Nothing to panic about banking system; to review coop banks regulations soon, says RBI Guv
"So far as the RBI is concerned, I would like to make it very clear that our banking sector remains sound and stable and there is no reason for any unnecessary panic," Das told
MUMBAI: Allaying fears of any threat to the banking system, Reserve Bank governor Shaktikanta Das on Friday asked the public not to panic as the entire banking system, including cooperative ones, continue to remain sound and stable.
Das also said in the wake of the crisis at Punjab & Maharashtra Cooperative (PMC) Bank, the RBI is reviewing the existing regulatory framework for cooperative banks and will discuss the matter with the government.
The statement assumes importance as PMC is the 24th cooperative bank to be placed under RBI administrators in 2019 and there are many regulatory and administrative gaps in the system as the states have a big say in their matters. Also, there is political interference in their functioning.
Urban cooperative banks are registered as cooperative societies either with the State Cooperative Societies Act or the Multi-State Cooperative Societies Act, 2002 and are regulated and supervised by the Registrar of Cooperative Societies of the respective states or by the Central Registrar of Cooperative Societies.
The RBI regulates and supervises only the banking functions of the urban cooperatives and carries out on-site inspections and off-site surveillance on them and also issues directions and operational instructions to protect the interest of the depositors.
"So far as the RBI is concerned, I would like to make it very clear that our banking sector remains sound and stable and there is no reason for any unnecessary panic," Das told reporters at the customary post-policy presser.
He said sometimes unnecessary rumours can create panic and urged the public to not to pay attention to them.
On September 23, RBI had put a slew of restrictions on PMC after finding financial irregularities and under-reporting of loans given to the bankrupt real estate developer HDIL.
Das claimed that RBI acted very swiftly and promptly, when the issue was brought to its notice. The RBI superseded the previous management and appointed administrator at the urban cooperative bank. It also revised the withdrawal limit from Rs an initial amount of Rs 1,000 per depositors to Rs 10,000 and very recently to Rs 25,000 per account.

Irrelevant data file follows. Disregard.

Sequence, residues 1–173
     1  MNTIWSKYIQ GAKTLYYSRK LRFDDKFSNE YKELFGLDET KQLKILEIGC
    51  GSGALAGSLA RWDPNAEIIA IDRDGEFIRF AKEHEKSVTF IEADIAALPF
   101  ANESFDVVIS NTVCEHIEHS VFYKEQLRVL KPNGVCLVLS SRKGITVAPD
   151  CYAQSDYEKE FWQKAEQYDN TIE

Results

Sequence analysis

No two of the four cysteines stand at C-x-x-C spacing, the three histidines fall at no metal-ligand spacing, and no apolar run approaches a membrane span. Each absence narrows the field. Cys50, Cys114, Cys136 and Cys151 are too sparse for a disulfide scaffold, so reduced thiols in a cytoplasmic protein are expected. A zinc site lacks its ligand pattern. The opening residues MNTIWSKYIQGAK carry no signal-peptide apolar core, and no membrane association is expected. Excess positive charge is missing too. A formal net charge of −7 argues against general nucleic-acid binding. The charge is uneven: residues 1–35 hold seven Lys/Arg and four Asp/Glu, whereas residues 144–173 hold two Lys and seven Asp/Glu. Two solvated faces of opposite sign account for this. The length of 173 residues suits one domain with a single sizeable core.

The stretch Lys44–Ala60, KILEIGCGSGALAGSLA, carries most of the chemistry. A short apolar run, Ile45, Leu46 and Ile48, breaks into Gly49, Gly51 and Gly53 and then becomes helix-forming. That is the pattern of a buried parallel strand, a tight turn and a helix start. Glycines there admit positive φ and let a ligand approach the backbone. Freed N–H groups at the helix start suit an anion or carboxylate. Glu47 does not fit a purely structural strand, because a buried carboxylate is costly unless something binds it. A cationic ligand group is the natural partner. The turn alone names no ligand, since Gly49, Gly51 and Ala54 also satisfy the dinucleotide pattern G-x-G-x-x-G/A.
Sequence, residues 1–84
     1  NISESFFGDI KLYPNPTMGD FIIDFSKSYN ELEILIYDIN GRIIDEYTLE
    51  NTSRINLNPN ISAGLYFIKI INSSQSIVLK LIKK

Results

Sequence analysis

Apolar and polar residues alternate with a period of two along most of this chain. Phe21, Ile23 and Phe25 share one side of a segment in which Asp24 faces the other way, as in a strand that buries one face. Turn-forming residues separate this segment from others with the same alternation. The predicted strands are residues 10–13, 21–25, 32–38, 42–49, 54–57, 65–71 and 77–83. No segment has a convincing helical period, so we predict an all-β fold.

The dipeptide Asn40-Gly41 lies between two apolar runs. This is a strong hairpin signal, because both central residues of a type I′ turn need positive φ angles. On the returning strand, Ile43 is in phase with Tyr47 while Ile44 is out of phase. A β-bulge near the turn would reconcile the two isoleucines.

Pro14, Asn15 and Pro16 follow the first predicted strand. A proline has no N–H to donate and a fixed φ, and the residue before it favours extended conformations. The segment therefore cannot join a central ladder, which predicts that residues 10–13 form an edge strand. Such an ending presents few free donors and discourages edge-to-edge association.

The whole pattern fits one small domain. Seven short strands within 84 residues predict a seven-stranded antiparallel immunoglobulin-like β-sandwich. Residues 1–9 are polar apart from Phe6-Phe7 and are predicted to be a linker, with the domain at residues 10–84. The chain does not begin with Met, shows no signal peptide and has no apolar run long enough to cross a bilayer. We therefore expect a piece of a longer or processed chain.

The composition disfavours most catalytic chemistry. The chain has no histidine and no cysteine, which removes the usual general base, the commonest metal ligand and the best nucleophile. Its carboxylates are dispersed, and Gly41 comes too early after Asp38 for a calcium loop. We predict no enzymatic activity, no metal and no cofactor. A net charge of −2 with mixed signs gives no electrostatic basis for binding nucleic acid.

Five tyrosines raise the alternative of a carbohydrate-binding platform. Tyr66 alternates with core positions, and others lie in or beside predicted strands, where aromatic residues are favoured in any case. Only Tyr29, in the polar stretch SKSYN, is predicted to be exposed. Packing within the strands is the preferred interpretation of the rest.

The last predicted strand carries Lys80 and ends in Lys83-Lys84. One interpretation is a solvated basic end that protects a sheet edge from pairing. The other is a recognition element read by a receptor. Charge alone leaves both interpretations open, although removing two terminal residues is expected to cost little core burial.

However, it can be noted that the scam and underreporting at PMC was on for the past several years and RBI's own annual inspections did not find anything amiss all these years and the action came only after a board member blew the lid over on September 17.
The governor also assured that RBI would not allow any cooperative bank to collapse. "One incident cannot be and should not be used to generalise the health of the cooperative banking sector," he emphasised.
Das said the RBI is also reviewing the regulatory framework of cooperative banks.
"Based on our review, we will take a fresh look at the regulatory framework of the cooperative banks. If any changes are required, we will take up with the matter with the government," he said.
As per the confession made by the suspended managing director of PMC Bank Joy Thomas, the bank kept maintained its loans to HDIL-as much as over 73 percent of its book or Rs 6,500 crore of the Rs 8,880 crore assets, as standard even when the bankrupt real estate company was defaulting on repayments from the past two-three years.
Asked why was RBI, which carries out annual inspection of all cooperative banks, was not able to identify the problems all these years, all Das said was that all aspects of PMC is being looked into.
"Since the matter is under the investigation of the EOW, I would not like to go into any further now," he said.
On whether the deposit insurance cover should be enhanced from the present Rs 1 lakh, deputy governor NS Vishwanathan said there has been a demand for the same but no decision has been taken yet.
"There has been a demand in the past as well but to the extent of deposit insurance cover, there are many elements that get into it as to how much percentage of deposits should get covered and how many percentage of depositors should be covered. Though there have been studies on the topic no final decision has been taken," he said.
Stating that RBI is monitoring the top 50 NBFCs and HFCs, he said, "RBI will endeavour to ensure that we do not encounter failure of another large systematically important NBFC. With that objective we are monitoring them."